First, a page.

Read an extract from The High Places by Fiona McFarlane

We’re delighted that The High Places by Fiona McFarlane is one of the six books shortlisted for this year’s Readings Prize for New Australian Fiction. Here is a short extract from ‘Exotic Animal Medicine’, one of the stories in the collection.

Find more information about this year’s shortlisted books (including the judges' report) here.

The wife was driving on the night they hit Mr Ronald.

‘My first drive since getting married,’ she said.

‘First this, first that,’ said her husband. He looked at her, sitting high in the seat: her hair looked flimsy and blonde. It was ten o'clock and only just dark. These were the days for marrying – the long days, and the summer. It hadn’t rained.

‘You’ve got to be thankful for the weather,’ the registrar had said to the husband. The husband was thankful for the weather and for everything else. He carried his shoulders inside a narrow suit and his wife wore a blue dress. They came out of the registry office into the pale summer and St Mary’s rang the hour.

‘Listen!’ said the wife. ‘Just like we’ve been married in a church.’

It was midday, and because they were in Cambridge the college bells also rang.

‘Like we’ve been married in every church,’ said the husband.

Their witnesses – two friends – took photographs. The four of them went to a pub on the river to celebrate among the tourists and the students who’d just finished exams. The tourists pressed around them, clumsy at the bar; the students slipped through and were served first. The bride and groom were rocked from side to side in the crush. They co-operated with the crowd and liquid spilled over their glasses.

They began to drink.

Their friend Robbie swayed above their table. He motioned over their heads with his benevolent arms.

‘I suppose I’m best man,’ he said. ‘By default. So, a toast: to

David and Sarah. To Sarah and David. I’ll make a statement about love. I’ll say a few words.’

‘You’ve already said more than enough,’ said the other witness, Clare.

‘Not nearly enough,’ said Robbie, and sat down.

By now it was four in the afternoon and the June town was keeping quiet. The lawns maintained their perfect green.

The river lay straight like a track for trains. David and Sarah and Clare and Robbie walked along it to find another pub, and beside them swans idled on the brown water, ducks chased punts for food, geese slid against the wet banks. Tinfoil barbecues were lit on Jesus Green, one by one, and the smoke hung in morose columns above each group, never thick enough to form a cloud. The husband and wife and their friends picked their way among the barbecues. They encountered dogs, friendly and wayward.

‘Stay well today, canines,’ said David. ‘Stay happy and healthy.’

Sarah was on call that night.

‘I’m not worried about them,’ said Sarah. ‘It’s the Queen of Sheba I’m worried about. But he’ll be good.’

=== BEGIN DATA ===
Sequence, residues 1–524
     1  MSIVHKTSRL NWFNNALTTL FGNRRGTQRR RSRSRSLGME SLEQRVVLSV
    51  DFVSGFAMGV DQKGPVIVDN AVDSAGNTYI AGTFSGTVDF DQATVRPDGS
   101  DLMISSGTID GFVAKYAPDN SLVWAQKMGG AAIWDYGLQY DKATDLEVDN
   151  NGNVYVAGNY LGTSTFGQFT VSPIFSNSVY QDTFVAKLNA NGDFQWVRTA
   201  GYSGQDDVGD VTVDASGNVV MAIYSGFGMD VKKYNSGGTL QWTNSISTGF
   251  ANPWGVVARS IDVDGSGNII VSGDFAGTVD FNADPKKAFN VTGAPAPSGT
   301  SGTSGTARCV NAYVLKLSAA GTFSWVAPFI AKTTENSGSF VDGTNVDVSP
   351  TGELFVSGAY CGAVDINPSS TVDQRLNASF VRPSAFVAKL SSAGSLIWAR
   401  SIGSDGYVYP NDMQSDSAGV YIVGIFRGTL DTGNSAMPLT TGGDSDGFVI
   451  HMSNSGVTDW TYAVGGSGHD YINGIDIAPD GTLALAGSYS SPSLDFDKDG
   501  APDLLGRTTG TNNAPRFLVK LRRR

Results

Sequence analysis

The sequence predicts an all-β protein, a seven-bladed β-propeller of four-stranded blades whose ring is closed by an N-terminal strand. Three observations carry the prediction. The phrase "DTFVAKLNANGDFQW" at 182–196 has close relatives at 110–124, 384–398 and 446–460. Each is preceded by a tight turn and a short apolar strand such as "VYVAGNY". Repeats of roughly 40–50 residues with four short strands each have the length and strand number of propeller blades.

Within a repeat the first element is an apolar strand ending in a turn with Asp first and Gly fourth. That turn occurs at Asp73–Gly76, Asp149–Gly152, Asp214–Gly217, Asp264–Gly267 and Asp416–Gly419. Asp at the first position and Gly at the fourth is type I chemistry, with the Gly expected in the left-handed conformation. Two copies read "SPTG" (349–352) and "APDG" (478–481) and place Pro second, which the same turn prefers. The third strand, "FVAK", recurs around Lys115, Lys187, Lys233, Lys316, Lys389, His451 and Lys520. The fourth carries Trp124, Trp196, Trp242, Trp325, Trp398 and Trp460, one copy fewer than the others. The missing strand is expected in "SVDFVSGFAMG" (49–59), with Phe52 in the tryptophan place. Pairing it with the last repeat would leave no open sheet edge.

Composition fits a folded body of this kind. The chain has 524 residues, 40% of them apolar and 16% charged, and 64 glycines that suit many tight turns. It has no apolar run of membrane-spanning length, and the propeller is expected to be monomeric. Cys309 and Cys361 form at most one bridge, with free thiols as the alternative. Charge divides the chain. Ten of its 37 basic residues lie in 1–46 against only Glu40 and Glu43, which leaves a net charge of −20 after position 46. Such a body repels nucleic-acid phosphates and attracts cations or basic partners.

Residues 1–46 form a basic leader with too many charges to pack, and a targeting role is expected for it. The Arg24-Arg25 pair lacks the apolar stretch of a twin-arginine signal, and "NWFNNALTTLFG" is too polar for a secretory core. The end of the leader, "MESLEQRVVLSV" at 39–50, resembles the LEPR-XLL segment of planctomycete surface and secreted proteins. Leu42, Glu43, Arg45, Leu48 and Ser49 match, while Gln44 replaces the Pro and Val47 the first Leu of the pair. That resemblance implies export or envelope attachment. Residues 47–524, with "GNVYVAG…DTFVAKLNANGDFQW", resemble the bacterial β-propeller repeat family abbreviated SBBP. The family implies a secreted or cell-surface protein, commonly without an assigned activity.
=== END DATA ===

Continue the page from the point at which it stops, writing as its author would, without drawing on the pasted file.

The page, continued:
(At the surgery, the Queen of Sheba lifted his haunches and lowered his head to stretch his grey back. He walked figure eights in his cage, the way a tiger would.)

‘He’d better be good,’ said David.

‘That bloody cat,’ said Sarah happily.

(The Queen of Sheba sat in his cage at the surgery and looked out at the ferrets and iguanas. He looked out at the tanks of scorpions and turtles. He settled, sphinx-like, and crossed his paws. The nurse poked her fingers through the grille as she passed Sheba’s cage and Sheba, yawning, ignored them.)

The crowd at the pub seemed to part before the bridal party and they found an outdoor table, newly abandoned. Their happiness brought good luck. Sarah said, ‘I should stop drinking.

I might have to work.’

‘You might,’ said Robbie, ‘and you might not.’

‘This is your wedding reception,’ said Clare, and she placed her arm around Sarah, coaxing.

‘You need a gin and tonic,’ said Robbie.

‘My first gin as a married woman,’ said Sarah. She sat beside David and felt the day carry them toward each other. The hours passed at the pub and they didn’t go home, although this was what they looked forward to: the privacy of their bed below smudged windows, its view of small gardens, and the beat of trapped bees against glass that shook as the buses moved by.

Their bed was a long way from the colleges and the river but the bells would still come over the roads and houses, and they would be alone, and married. The day moved them toward the moment in which they would face each other in their bed and see that despite their marriage there was no change, and that this was just what they wanted.

The High Places is available in-store and online.

You can read more about the Prize here.

You can buy a specially-priced pack of all six shortlisted books here for $139.95 (was $170.86).

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